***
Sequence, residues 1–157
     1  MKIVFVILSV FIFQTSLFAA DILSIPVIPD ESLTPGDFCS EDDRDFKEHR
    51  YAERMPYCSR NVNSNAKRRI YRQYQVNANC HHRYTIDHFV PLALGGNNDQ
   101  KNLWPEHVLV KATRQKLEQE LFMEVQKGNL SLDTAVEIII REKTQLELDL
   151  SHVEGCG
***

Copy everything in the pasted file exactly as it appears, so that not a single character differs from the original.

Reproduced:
Sequence, residues 1–157
     1  MKIVFVILSV FIFQTSLFAA DILSIPVIPD ESLTPGDFCS EDDRDFKEHR
    51  YAERMPYCSR NVNSNAKRRI YRQYQVNANC HHRYTIDHFV PLALGGNNDQ
   101  KNLWPEHVLV KATRQKLEQE LFMEVQKGNL SLDTAVEIII REKTQLELDL
   151  SHVEGCG